No Borders Underwear. A local sex-shop ironically opens and closes Greek Cypriot director Marios Piperides’ debut feature film. SMUGGLING HENDRIX, Tribeca Film Festival’s Best International Narrative winner, tackles the border that divides Cyprus between the Turkish Northern Cyprus and the Greek Cypriot Republic of Cyprus, a politically odd situation which persists since 1974, featuring one of the longest and most complicated crises of the last fifty years in Europe.
Yiannis (Adam Bousdoukos) is a young musician who doesn’t seem to have a plan B: he’s out of money, still after his ex-girlfriend and indebted to some local dangerous moneylenders. But, as it turns out, a plan B exists: a booked flight to the Netherlands in three days. However, everything seems to break apart when Jimi, his much-spoiled dog, runs away from him and crosses the border between the Turkish Northern Cyprus and the Greek Cypriot Republic of Cyprus, the infamous Green Line, that divides the capital Nicosia as well.
The film’s premise already touches some political sensitivities; since 1964, only 4 years after the recognition of the independent Republic of Cyprus by the The Zürich Agreement, firstly the British peace force, followed by the United Nations have been maintaining the buffer zone in order to avoid conflicts between the two sides.
Armed conflicts and the Turkish invasion of Cyprus in 1974 are the kind of tension-eruptions that enforced the United Nations to maintain the border closed until 2003. Nowadays, the border is crossable, but Nicosia remains the only divided capital in the world. Taking all that into consideration, the simple fact that God only would be the one not having problems with crossing the border, is just the first step (in many) that makes SMUGGLING HENDRIX a charming comedy.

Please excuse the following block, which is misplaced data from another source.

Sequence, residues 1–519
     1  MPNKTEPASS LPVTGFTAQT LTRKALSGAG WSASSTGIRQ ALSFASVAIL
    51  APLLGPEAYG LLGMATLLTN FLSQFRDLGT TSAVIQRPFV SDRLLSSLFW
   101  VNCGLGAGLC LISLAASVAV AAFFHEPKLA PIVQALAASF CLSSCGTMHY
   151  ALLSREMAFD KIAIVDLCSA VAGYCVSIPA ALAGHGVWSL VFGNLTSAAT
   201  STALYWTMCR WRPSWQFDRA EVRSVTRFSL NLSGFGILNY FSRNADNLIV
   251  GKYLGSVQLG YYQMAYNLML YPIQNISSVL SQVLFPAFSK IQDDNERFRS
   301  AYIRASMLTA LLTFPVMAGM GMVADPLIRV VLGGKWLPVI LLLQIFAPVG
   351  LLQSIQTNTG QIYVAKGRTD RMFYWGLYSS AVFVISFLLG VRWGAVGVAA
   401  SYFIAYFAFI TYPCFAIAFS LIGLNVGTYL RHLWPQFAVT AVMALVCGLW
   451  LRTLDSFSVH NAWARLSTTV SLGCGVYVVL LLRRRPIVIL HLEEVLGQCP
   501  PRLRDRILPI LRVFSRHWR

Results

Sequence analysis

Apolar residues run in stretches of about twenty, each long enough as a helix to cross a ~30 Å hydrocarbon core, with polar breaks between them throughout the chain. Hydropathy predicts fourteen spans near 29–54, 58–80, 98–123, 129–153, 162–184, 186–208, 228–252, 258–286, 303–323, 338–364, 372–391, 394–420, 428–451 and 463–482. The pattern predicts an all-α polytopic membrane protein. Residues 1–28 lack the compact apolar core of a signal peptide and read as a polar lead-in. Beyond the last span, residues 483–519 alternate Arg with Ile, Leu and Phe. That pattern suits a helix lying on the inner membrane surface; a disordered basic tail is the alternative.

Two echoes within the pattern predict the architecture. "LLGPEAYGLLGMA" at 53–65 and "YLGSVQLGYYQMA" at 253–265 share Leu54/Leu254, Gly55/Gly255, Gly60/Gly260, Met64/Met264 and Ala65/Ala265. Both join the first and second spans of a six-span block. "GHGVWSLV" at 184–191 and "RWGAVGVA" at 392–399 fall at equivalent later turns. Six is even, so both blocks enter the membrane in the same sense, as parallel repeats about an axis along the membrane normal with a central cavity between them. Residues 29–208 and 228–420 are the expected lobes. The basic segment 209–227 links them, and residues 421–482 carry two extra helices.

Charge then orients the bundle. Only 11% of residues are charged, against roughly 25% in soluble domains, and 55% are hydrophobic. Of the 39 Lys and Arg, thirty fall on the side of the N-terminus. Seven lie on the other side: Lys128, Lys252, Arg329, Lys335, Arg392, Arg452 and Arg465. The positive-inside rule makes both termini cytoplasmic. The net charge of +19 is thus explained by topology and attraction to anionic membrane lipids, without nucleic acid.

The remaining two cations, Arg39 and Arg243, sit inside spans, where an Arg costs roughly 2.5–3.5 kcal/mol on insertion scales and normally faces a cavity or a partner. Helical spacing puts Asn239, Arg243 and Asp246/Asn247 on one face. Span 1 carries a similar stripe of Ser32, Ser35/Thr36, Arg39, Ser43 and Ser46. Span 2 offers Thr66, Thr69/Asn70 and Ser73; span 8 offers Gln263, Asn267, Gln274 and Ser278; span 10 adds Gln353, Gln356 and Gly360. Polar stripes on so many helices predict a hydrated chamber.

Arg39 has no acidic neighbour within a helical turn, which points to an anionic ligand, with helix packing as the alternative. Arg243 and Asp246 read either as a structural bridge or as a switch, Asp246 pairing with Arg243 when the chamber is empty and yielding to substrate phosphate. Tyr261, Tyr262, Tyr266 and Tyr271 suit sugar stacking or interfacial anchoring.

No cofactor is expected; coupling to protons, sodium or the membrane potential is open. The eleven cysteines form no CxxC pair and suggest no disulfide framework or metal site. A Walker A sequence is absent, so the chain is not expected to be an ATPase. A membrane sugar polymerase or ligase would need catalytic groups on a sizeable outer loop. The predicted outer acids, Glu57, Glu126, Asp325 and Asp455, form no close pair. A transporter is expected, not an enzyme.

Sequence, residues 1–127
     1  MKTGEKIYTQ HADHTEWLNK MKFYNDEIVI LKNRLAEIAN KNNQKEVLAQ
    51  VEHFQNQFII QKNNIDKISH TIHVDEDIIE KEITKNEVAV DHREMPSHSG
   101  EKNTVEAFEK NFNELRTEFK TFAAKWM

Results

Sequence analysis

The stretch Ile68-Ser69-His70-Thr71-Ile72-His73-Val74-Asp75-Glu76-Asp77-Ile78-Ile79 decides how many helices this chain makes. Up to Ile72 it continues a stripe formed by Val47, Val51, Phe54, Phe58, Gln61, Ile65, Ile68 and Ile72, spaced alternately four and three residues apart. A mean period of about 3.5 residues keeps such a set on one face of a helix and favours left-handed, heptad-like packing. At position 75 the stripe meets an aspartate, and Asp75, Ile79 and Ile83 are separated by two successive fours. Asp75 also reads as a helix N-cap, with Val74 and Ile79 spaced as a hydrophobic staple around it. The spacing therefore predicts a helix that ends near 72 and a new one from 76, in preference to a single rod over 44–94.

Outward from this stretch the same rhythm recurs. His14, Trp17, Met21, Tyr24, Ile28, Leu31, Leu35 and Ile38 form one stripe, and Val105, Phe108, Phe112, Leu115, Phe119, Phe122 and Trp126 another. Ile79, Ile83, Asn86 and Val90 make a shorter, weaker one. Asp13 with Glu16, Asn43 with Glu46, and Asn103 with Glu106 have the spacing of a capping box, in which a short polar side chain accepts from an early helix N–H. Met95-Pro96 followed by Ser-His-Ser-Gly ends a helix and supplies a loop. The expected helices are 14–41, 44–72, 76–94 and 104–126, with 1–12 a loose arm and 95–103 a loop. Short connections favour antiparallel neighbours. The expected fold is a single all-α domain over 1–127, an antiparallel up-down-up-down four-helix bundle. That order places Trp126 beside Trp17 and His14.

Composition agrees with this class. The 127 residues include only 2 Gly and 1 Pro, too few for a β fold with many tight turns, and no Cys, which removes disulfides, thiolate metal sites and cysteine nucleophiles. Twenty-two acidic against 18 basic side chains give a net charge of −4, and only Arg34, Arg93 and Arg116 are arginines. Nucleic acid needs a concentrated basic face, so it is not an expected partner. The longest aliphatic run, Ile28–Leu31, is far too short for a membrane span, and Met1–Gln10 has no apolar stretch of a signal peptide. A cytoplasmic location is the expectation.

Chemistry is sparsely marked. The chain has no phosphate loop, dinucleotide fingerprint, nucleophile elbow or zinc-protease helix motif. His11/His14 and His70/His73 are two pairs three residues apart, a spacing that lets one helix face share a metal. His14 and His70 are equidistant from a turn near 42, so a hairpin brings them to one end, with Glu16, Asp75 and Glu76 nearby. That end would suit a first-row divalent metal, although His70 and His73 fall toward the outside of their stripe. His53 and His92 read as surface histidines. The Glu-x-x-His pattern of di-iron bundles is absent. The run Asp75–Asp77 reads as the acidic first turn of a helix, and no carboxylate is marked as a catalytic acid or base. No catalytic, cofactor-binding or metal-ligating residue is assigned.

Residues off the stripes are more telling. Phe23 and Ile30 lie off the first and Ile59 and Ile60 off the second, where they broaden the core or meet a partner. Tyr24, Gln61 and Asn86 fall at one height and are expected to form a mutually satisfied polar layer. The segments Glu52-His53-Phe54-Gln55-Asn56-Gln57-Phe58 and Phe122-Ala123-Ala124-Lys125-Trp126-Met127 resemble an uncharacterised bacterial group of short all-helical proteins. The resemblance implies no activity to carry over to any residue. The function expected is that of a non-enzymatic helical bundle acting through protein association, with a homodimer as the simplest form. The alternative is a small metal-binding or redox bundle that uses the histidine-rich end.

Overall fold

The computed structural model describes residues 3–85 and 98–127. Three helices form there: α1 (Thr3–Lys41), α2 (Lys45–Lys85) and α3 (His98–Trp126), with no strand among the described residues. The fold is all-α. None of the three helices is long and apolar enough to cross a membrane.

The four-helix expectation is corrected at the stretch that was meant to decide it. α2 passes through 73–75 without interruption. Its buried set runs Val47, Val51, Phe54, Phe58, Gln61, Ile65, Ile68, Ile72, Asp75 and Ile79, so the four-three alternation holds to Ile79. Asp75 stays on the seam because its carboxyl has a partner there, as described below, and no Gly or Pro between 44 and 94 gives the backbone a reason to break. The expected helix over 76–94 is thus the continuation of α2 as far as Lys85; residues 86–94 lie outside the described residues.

Piperides works with pre-fabricated characters which are recognizable from the Southeastern Europe day-by-day life. Nevertheless, he fills them with specific both personal and political background. Yiannis is, after all, a prototype of the millenials, a politically aware young man with very specific interests who doesn’t seem to fit in the environment or the labour market. He feels the urge of moving from Cyprus to the Netherlands and hopes for a better life and to leave everything behind. Hasan (Faith Al), a Turk Cypriot who wants to help Yiannis, is living the refugee nightmare: he has no papers, a family to support and an urge to leave Turkish Northern Cyprus. Tuberk (Özgür Karadeniz), a man from the Turkish occupied area with a suspicious background, is a local prowler who can solve anything for a price. However, Tuberk’s activity is unwanted in and by EU, so, after an unlucky attempt, he’s in the same boat with Yianis and Hasan.
In 1964, Peter Young,the commander of the British peace force, drew a green line on a map and, by doing so, decided where a border between Turkish Northern Cyprus and the Greek Cypriot Republic of Cyprus should be built. By comparing the drawn green line to its actual impact might be worrying, and SMUGGLING HENDRIX offers an accurate representation in that way. To cross from the Cypriot Republic of Cyprus to the Turkish occupied area means to cross from a state which is part of the EU (since 2004) to one which is struggling to resolve a lot of financial issues while not being part of the Union. But it’s not the condition of Turkish Northern Cyprus that drew Piperides’ attention, but the no-man land that we call Green Line. While struggling to illegally make his dog cross the border, Yiannis confronts everything that stands behind the name of the United Nations Peacekeeping Force in Cyprus: fences, mud and absurdity.
There’s a remarkable power dynamic between Yiannis and Hasan which deepens the evergreen question of national identity that’s so actual nowadays. By chance, they share memories of the same house – the one in which Hasan lives in with his family used to be Yiannis home, probably before the Turkish invasion from 1974. It’s his house, but also Hasan’s, and they both live in different places from their hometowns as modern displaced persons.
The film has a sense of urgency, of specific time to deliver its information, since the two sides are postponing the awaited re-negotiations (a lot of re-s, actually). After the fail of the Kofi Annan Plan referendum (2004), in which both Greek and Turkish Cypriots were asked if they would agree on reuniting the island, which was answered firmly negative by the Greek Cypriots (over three-quarters) and optimistically positive by the Turkish Cypriots (65%), there hasn’t been any large-scale action. Divide and conquer, but who’s conquering?